Health sector first casualty of Myanmar aid cuts
By Trevor Wilson
23 June 2015
It is not easy to identify from the Coalition Government’s 2015 budget papers where the brunt of the cuts in Australia’s aid program will be felt, and indeed Foreign Minister Julie Bishop has announced that the details of the changes in Australia’s aid ‘investments’ will be disclosed in September, presumably after all affected parties are informed.
However, one early cut to Australia’s aid program in Myanmar has already grabbed the headlines, in Australia and in Myanmar. The health services aid consortium, the Three Millenium Development Goals (3MDG) Fund, issued a statement in Yangon on 28 May 2015 about the Australian Government’s withdrawal of a commitment of US $42m (AUD $55m). The statement was reported with some shock by media inside Myanmar: the Myanmar Times reported it under the headline ‘Australia drains health fund’s budget’; and Mizzima News reported it as ‘Nervousness mounts over Australia’s aid cuts to Myanmar’. No statement was issued by the Australian Government.
Although the original commitment to this program was made under the Gillard Labor Government in 2012, it was specifically reaffirmed by Julie Bishop in the 2014 budget, and remained the centrepiece of Australia’s humanitarian assistance to the Myanmar health sector. Both Labor and Coalition Governments made political mileage out of this significant commitment, and at the time the cut was notified to the parties in the multi-donor fund, Australia was apparently acting as chair of the donor group. Publicly available information on the progress of the 3MDG Fund suggests that it was judged an effective and successful program until the Australian decision to not proceed with the next commitment was announced.
One can imagine the dismay the Australian decision would have caused on the part of the Myanmar Government, which had fought long and hard to keep the scheme going after a premature and politically-driven US Congress decision in 2005 to withdraw from an earlier version of the program, the World Health Organisation’s Global Fund. But it is hard to envisage the reaction of Australia’s fellow donors, with whom Australia has already worked side by side for three years of the five-year program. The consequences for the 3MDG program cannot be trivial, although the 3MDG Fund statement says that the program overall will not be seriously affected.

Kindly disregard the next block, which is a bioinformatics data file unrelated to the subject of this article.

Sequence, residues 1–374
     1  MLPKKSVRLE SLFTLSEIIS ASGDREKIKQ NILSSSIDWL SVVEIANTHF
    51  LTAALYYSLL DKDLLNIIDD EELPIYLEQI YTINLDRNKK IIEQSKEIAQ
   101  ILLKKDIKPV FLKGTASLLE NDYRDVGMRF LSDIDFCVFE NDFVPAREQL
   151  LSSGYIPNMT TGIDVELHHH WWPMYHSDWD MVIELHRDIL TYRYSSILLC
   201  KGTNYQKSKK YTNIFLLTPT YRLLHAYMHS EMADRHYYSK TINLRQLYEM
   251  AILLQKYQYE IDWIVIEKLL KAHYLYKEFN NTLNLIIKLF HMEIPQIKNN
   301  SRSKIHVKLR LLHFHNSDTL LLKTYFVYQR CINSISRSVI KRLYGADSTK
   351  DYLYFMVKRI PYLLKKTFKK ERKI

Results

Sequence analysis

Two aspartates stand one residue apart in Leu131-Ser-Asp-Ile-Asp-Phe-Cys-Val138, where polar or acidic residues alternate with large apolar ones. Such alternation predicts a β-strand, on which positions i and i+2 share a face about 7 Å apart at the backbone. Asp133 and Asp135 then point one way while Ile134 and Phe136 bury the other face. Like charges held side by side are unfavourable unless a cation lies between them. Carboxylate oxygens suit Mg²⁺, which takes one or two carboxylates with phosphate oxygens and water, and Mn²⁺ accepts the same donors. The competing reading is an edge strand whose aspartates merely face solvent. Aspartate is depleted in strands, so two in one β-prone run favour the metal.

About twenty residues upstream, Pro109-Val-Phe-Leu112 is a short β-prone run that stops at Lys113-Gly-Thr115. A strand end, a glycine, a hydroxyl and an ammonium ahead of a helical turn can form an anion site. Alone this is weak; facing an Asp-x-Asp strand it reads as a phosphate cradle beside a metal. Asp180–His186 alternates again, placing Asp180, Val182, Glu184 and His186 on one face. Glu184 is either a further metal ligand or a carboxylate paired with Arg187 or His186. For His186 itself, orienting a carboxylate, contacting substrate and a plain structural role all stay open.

Not only is this a rebuff to the Myanmar Government (which through its Ministry of Health promoted this ‘multi-donor fund’) but it also represents a breach of Australia’s pledge to fellow donors: the US, the UK, the EU, Sweden, and Canada. (Indeed this commitment was mentioned specifically in Australia’s bilateral development ‘partnership’ agreement with the EU.) There is no suggestion that Myanmar’s needs in the health sector are reduced or that the program itself is questionable.
This is perhaps a fairly typical case of the impact of an unexpected cut in aid funding by a donor. At the very least, it disrupts the careful planning and coordination of effort that has gone into the design of the health assistance program. At worst, funds anticipated as being committed to meet agreed health priorities for people in need are suddenly not available.
Trevor Wilson is a Visiting Fellow at the Coral Bell School of Asia Pacific Affairs, ANU.
 “The 3MDG Fund was established in 2012 to support the Ministry of Health’s plans to strengthen health systems and accelerate service delivery, particularly to the poorest and most vulnerable communities in Myanmar. It is supported by Australia, Denmark, the European Union, Sweden, Switzerland, the United Kingdom and the United States of America, and managed by UNOPS (United Nations Office of Project Services).” Source: 3MDG Fund
About the author/s
Trevor Wilson is a Visiting Fellow at the Department of Political & Social Change, ANU.